Spanning the entire history of the Doors, this book will long remain the definitive biography of a band that forever changed popular music. But it’s not the story you think you know.
Yes, Jim Morrison died in Paris in 1971—but not in a bathtub. The other Doors were saddened and shocked but had already fired him anyway. It wasn’t Jim who wrote the hits; it was guitarist Robby Krieger. It wasn’t Jim who saw a bright, acid-flared future for the band but keyboardist Ray Manzarek.
And so, the band that started out as the “American Rolling Stones,” noted for their wildly unpredictable performances, their jazzy vibe, and the crazed monologues of their front man, ended as badly as did the sixties: abruptly, bloodily, cripplingly.
Along with evoking the cultural milieu of Los Angeles in the sixties, in Love Becomes a Funeral Pyre bestselling writer Mick Wall captures the true spirit of that tarnished age with a brilliantly penetrating and contemporary investigation into the real story of the Doors.
About the Author
Mick Wall is England s best-known rock writer. He is the founder of Classic Rock magazine; a contributor to Mojo, Playboy, Rolling Stone, and others; and the author of the definitive biographies of Axl Rose (W.A.R.), Led Zeppelin (When Giants Walked the Earth), and Metallica (Enter Night). He is also the author ofGetcha Rocks Off, a semi-fictional account of the music scene in the 1980s."
“Wall’s account pulls no punches, cataloguing each of the primal scenes—early performances, indecent exposure, Jim’s sexuality, decline and death—with a detached, knowing eye.” —Guitarist
“[Wall’s] attention to both the musical and business parts of the equation is a welcome addition…” —Kirkus Reviews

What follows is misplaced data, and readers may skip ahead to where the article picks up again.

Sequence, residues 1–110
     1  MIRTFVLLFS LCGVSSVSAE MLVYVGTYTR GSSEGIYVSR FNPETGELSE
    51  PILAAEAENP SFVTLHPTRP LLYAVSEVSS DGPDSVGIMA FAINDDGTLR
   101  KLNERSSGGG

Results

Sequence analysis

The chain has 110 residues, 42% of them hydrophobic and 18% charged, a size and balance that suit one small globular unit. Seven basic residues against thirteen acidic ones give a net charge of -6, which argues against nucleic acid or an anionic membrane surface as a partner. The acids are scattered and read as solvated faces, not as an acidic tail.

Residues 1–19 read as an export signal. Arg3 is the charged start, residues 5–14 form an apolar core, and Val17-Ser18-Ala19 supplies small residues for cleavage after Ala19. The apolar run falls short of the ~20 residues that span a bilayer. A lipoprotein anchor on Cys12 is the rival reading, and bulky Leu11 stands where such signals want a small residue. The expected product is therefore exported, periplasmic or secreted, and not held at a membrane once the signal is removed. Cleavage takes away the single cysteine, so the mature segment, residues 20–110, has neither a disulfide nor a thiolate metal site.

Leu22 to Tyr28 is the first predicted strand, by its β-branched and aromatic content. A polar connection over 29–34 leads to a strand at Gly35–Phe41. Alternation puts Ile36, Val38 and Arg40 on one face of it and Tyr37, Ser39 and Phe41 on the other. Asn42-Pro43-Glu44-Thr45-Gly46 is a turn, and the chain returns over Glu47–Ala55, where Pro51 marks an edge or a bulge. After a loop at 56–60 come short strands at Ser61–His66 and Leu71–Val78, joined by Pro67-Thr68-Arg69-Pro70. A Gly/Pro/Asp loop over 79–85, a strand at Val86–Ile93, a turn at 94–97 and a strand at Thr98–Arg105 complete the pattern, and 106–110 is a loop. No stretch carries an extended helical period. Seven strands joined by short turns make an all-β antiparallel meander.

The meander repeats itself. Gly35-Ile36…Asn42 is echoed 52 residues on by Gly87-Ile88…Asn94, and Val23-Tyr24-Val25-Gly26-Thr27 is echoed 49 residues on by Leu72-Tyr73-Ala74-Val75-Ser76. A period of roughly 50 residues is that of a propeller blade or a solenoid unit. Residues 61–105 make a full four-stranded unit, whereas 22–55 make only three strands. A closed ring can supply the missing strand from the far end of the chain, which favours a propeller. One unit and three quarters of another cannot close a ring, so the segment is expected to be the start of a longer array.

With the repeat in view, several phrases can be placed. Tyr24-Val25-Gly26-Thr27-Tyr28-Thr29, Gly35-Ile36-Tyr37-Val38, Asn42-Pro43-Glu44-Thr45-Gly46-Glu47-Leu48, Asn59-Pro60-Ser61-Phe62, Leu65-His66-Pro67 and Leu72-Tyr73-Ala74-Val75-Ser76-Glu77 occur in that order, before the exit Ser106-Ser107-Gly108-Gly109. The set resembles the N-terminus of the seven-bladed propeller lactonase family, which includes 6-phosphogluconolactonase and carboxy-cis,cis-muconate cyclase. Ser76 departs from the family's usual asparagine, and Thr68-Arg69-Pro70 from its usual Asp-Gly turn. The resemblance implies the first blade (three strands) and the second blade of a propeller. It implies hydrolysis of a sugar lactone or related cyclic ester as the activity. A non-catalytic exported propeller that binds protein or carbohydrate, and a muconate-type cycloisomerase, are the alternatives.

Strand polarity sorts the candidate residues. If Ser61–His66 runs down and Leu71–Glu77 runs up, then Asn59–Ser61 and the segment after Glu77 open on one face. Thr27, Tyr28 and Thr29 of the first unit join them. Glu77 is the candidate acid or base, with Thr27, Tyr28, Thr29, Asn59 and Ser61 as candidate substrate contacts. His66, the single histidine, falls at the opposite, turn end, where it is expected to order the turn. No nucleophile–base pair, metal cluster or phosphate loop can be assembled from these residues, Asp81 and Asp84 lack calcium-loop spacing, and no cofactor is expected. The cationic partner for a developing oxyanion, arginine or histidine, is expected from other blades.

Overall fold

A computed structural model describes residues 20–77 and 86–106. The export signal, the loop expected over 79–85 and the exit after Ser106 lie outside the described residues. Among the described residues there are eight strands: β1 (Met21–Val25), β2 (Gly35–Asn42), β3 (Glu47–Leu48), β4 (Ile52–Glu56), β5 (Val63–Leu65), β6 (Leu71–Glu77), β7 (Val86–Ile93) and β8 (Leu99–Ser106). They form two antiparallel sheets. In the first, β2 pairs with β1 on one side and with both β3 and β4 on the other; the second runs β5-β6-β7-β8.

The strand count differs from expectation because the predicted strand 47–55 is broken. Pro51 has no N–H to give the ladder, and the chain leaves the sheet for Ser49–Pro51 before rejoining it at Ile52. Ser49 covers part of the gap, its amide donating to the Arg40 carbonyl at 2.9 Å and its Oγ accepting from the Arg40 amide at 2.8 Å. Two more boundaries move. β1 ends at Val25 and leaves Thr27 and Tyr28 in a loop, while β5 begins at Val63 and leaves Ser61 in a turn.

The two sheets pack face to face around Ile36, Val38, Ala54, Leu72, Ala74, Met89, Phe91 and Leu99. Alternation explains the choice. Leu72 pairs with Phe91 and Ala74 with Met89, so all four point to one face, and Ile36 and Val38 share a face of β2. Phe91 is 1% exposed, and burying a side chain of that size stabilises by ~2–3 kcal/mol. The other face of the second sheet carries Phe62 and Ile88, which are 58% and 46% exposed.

“Jim Morrison was the terrible angel of the American sixties, and his latest biographer Mick Wall tells his story with a passionate, wide-open drive, like Jim’s famous Shelby GT Ford Mustang with a nitrous oxide hookup. Here James Douglas Morrison emerges more and more as a stand-up, reciting American poet, and an artist whom this author makes you really feel for.” —Stephen Davis, author of Hammer of the Gods
“For Doors fans, and readers of rock biographies in general, this should be considered a must read.” —Booklist
“A thorough look at the Doors’ career, this book is a musical, cultural, and legacy-examining history of one of the most important bands in rock and roll.” —Library Journal
“a smooth, snarky, sarcastic and pull-no-punches look” and “at his best, Wall cuts through the haze and the myths surrounding Morrison and The Doors, backing it up in interviews with girlfriends, journalists, record company flacks and drinking friends.” —Tampa Tribune
"What sets this book apart is that Wall, while getting all the facts and stories and behind-the-music tales down, also offers his own insight and commentary. In the process, he also deconstructs the well-oiled “Myths” of both the Doors and Jim Morrison." —Houston Press
"This is quite simply the best biography of The Doors as a band, as a myth, as an American experience that has yet been offered." —Aquarian Weekly